Your wedding day will be so busy and packed to the hilt with stuff to get done, people to talk to and places to hustle to. By the time the ceremony is set to begin, you’ll probably be rattled. Try to schedule a few moments—seriously, just five minutes will do—to yourself right before walking down the aisle. Find a peaceful place, shut the door, close your eyes and collect yourself. Try a meditation app if that’s your thing. Use this time and space to totally zone out, or to drink a cold glass of water (you’re probably dehydrated!) and think of all the reasons you want to be married to your partner (not wedding stuff, marriage stuff!). It’ll be the perfect reset before your big moment, and it’ll help you separate wedding stress from marriage excitement.

Validate your nervousness.

Don’t try to deny your nerves, and don’t judge yourself for feeling stressed—telling yourself “I’m so stupid to feel like this!” is only going to make things worse. Plus, walking down the aisle is a super-normal thing to be nervous about—this is one of the biggest moments of your life, and it’d be weird if you weren’t nervous! Instead of trying to banish it, take a moment to rationalize it. Before walking down the aisle, identify the reasons you’re feeling anxious—because there are a lot of people looking at you, because you’re waited for this moment for a long time, because you’re so excited to be married but you’re also not sure what to expect, maybe all of the above! Once you’ve rationalized what’s fueling your nerves, it’ll be a lot easier to cope with them.

Make a plan.

A lot of the anxiety you’ll feel on your wedding day comes simply from fear of the unknown. Most of us have never walked down the aisle at our own weddings before, and have no idea what to expect. This is terrifying on a really basic human level—like, survival level—and even if you’re feeling really excited and happy, these nerves will likely creep in. But if you make a plan for when you get there (there being the beginning of your aisle walk), you’ll tamp down that fear of the unknown. Maybe it’s as simple as making eye contact with your spouse-to-be and giving them a little wink, or focusing on looking straight ahead at your officiant, or having a secret signal with your MOH. It’s all about feeling like you have a little more control over this very foreign experience, which is exactly what you need to soothe your worries!

Start strong.

You might be so nervous on the morning of your wedding that you have no appetite. You might be so nervous that you start drinking during hair and makeup and forget to stop. You might be so nervous that you take a random anti-anxiety pill your bridesmaid offers you. Please do not do these things! They may seem like a way to dull any anxiety that may creep up on you as you’re about to walk the aisle, but they’ll actually just make things worse. Being drunk, taking any medications you’re not prescribed, and being starved and dehydrated are all just conditions that will worsen any pre-existing anxiety. Instead of medicating or depriving yourself, set yourself up for success but eating a healthy breakfast (and snacks throughout the day), limiting your drinking until the reception, and meditating during lulls in the action. You’ll be glad you did when you’re walking down the aisle feeling clarity and confidence.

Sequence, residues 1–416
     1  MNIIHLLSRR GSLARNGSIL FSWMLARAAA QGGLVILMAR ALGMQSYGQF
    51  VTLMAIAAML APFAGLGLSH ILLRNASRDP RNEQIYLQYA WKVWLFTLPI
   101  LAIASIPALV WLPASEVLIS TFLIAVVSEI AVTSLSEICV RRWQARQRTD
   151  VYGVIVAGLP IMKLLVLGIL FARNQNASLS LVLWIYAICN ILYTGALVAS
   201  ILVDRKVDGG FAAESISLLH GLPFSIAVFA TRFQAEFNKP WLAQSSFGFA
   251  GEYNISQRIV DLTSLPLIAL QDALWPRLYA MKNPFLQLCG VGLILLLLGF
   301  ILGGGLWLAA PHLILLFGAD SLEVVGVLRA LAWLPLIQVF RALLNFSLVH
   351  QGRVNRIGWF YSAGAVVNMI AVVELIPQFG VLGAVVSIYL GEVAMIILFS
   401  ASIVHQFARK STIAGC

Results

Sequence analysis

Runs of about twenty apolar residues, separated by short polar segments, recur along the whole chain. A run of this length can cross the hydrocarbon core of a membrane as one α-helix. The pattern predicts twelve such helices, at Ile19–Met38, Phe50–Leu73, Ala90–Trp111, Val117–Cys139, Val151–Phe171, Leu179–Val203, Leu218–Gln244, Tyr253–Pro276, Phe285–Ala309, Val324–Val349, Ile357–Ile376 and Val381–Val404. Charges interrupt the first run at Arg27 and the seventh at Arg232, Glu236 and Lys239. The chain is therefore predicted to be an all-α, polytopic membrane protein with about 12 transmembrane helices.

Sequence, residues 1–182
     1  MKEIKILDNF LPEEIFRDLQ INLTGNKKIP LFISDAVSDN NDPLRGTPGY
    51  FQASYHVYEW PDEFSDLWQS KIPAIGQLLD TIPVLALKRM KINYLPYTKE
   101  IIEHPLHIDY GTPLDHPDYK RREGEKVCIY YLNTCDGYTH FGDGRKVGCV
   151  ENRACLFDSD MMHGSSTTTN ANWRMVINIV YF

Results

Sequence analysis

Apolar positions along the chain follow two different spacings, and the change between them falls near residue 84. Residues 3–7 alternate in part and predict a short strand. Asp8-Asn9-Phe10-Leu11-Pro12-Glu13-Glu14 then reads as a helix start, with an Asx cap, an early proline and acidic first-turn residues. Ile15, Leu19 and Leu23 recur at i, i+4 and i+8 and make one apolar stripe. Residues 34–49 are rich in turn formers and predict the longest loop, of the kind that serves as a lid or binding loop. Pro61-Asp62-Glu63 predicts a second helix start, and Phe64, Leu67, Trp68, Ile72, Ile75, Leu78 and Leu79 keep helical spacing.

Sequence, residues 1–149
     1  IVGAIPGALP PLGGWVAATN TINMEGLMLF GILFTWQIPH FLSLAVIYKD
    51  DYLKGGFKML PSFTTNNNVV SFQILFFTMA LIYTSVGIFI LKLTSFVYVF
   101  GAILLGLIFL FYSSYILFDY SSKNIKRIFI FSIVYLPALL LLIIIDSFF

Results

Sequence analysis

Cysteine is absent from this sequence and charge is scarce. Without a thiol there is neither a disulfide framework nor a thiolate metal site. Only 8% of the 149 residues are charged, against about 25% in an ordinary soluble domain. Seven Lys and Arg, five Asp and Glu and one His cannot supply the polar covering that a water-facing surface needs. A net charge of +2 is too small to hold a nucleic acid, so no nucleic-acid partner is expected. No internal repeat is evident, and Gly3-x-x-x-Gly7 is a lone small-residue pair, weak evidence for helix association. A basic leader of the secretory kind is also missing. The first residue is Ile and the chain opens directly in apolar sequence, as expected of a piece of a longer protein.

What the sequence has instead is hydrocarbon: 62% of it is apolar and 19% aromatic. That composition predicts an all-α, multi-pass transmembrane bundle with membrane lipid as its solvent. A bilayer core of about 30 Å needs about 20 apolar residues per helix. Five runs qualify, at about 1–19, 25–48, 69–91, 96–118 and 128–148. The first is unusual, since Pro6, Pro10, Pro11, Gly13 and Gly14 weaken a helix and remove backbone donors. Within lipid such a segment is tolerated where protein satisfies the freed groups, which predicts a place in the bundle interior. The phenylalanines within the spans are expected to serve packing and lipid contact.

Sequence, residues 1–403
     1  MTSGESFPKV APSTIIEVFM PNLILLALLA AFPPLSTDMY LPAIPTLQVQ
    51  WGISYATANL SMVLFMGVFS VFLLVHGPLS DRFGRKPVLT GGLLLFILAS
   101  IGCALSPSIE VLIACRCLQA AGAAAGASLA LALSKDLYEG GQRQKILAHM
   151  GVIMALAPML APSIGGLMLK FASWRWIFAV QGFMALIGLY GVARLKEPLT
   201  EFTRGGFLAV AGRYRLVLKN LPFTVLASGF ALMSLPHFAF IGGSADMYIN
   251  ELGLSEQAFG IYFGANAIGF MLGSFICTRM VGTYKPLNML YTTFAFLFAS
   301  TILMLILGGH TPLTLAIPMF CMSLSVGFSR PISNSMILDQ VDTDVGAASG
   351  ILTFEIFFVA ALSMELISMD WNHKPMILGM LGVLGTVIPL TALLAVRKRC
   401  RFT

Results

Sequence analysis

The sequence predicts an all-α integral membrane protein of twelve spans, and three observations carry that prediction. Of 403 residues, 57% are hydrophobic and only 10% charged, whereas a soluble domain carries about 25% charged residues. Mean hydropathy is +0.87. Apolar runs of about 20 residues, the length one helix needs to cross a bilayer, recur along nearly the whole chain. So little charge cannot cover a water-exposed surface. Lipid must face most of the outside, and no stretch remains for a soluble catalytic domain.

Just breathe.

Probably the most fast-acting and effective way to calm your pre-aisle jitters is something you do constantly without even trying: breathing! When we’re really stressed, many of us tend to hold our breath and forget to exhale. It’s a primal response, so it’s not your fault, but it can seriously increase your stress levels. When it’s about time for you to take your big walk, before you even take a step, force yourself to take three to five deep inhales and exhales. You can even close your eyes while you do it. Visualize yourself bringing all of that calming energy into your chest and throughout your body, then exhaling out all your worries. You’ll immediately feel better and readier than ever. If you don’t, take one or two more breaths. The wedding can (and will) wait.

How to walk down the aisle

One of the most memorable moments of any wedding day is when the bride walks down the aisle. It’s the first time guests—and usually even the soon-to-be spouse—will see the wedding dress, and it marks the start of the marriage journey. Traditionally, fathers walks daughters down the aisle. Once the pair reach the altar, she’s then presented to her partner to be wed.

Meet the Expert

Susan Waggoner is a wedding historian and author.

As you consider integrating the father-bride walk down the aisle into your wedding, questions will likely arise: Do I have to select my father to walk me down the aisle? Can I have both parents? What about a friend or a parent figure? Today, brides are observing this tradition in new and modernized ways, which we'll go into a bit later.